How important are categories when it comes to blogging? For example, popular blog platform Blogger doesn’t even offer them, something I think is a flaw in their design.
In my opinion, categories are very important and for a number of reasons. First of all, they’re useful to the reader. Categories serve as the means of navigation on a blog.
Secondly, they are important from a search engine standpoint. Technorati.com uses a folksonomy called “tags” for organizing the way it returns search queries. The site looks at blog categories as tags. Without categories, you’ll have to use a special piece of HTML code – which you may wish to use anyway – for tagging purposes. Here are a couple of tips to consider when developing your categories:
Determine the categories you wish to cover at the outset of the development of your blog. When I first started blogging, I would create categories on the fly as I needed them. (You can do that with most blog platforms, at least the ones with which I am familiar.) I ended up with over 30 categories as a result. That’s way too many. It overwhelms the reader.
On top of that, you’re stuck with the dilemma of deciding whether to keep all of them – after all you do have posts assigned to them – or delete some, edit others, and live with the fact some posts may become orphan. Or else, you take the time to reassign posts to the new categories.
I recommend coming up with eight or ten categories broad enough in scope to cover a wide range of topics, but narrowly defined enough to be relevant to the content being assigned to it. If you use a blog platform like Movable Type or Word Press, you can create sub-categories to organize your content even further.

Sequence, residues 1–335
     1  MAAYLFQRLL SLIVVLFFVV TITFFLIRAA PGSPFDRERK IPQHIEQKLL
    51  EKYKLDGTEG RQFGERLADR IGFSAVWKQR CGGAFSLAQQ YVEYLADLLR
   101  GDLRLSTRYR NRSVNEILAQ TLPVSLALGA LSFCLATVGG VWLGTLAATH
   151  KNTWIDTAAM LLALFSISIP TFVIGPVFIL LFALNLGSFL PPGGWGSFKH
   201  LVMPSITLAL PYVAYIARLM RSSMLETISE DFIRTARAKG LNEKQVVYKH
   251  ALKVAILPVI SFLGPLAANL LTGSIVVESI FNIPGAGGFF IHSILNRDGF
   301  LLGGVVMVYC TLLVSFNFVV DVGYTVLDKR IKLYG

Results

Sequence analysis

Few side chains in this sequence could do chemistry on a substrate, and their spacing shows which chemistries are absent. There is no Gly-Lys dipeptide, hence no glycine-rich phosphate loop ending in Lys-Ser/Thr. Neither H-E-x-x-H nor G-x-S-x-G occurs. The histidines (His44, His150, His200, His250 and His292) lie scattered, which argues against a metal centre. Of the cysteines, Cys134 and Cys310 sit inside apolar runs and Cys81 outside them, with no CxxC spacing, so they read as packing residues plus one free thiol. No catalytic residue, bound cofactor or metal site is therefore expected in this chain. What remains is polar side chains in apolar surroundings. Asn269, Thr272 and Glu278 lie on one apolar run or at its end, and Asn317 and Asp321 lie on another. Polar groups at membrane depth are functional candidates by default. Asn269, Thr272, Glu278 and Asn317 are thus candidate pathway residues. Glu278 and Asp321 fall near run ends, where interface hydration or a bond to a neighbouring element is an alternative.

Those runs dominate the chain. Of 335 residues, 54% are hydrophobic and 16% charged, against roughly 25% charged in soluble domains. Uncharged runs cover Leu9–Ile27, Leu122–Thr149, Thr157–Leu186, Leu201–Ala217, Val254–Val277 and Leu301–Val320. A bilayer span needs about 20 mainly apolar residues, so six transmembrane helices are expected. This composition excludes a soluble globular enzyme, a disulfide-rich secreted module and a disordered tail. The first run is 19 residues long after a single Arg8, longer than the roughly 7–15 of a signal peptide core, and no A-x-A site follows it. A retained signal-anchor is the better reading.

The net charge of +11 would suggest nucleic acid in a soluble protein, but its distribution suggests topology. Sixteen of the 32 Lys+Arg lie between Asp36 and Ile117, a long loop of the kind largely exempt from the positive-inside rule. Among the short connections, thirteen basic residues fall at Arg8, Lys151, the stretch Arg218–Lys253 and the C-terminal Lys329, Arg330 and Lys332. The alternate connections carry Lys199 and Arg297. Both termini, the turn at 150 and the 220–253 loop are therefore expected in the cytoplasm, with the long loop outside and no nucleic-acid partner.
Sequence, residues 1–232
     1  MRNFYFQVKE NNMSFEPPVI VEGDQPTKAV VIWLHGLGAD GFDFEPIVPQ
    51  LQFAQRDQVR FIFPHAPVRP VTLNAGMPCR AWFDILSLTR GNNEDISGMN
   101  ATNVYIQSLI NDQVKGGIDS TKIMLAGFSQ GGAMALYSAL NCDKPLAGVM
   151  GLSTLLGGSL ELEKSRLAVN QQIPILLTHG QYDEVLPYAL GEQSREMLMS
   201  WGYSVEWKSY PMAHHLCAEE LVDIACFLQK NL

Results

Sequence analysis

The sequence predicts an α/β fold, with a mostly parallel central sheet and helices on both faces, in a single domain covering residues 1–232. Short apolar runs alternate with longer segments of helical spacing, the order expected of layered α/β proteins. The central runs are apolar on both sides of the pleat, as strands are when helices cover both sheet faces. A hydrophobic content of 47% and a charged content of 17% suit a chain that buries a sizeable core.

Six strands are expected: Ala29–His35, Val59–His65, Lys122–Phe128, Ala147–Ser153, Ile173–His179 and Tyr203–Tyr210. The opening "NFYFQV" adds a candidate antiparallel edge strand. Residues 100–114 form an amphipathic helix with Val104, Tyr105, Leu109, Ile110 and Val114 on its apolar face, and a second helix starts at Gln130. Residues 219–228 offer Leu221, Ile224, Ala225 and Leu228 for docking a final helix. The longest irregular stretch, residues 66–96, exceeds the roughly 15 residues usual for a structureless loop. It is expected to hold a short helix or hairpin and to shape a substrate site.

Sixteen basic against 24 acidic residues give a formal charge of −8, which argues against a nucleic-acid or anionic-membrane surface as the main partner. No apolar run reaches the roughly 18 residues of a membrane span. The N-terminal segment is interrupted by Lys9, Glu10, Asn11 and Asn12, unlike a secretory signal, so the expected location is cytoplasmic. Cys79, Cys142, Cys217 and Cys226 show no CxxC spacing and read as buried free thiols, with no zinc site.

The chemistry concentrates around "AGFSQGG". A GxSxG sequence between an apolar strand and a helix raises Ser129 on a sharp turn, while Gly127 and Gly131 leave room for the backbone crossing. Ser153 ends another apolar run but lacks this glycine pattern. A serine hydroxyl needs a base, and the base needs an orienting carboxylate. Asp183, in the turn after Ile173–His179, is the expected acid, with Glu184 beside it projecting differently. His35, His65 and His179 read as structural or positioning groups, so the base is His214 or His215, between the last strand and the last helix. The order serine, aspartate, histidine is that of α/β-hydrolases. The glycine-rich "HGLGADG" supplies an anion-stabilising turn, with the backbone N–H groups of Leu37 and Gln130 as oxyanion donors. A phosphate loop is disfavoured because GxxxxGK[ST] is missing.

Make categories titles functional. I worked with one client who used rather esoteric terms for his categories. That would have been fine for a personal blog, but this one was for business. I instructed him to think in terms of what the reader might be looking for and target his creative bent toward coming up with category labels that made sense to them.
This has a secondary application as well. Not only should you consider what words or phrases would make sense to readers, think in terms of what keywords they might do searches on. Remember what I said about Technorati. If you’re categories serve as tags, then you need to work to ensure they are ones users will search for.
Categories are important for both usability and search engine purposes. Getting readers and keeping them. Not only is it about good writing, but good organization as well.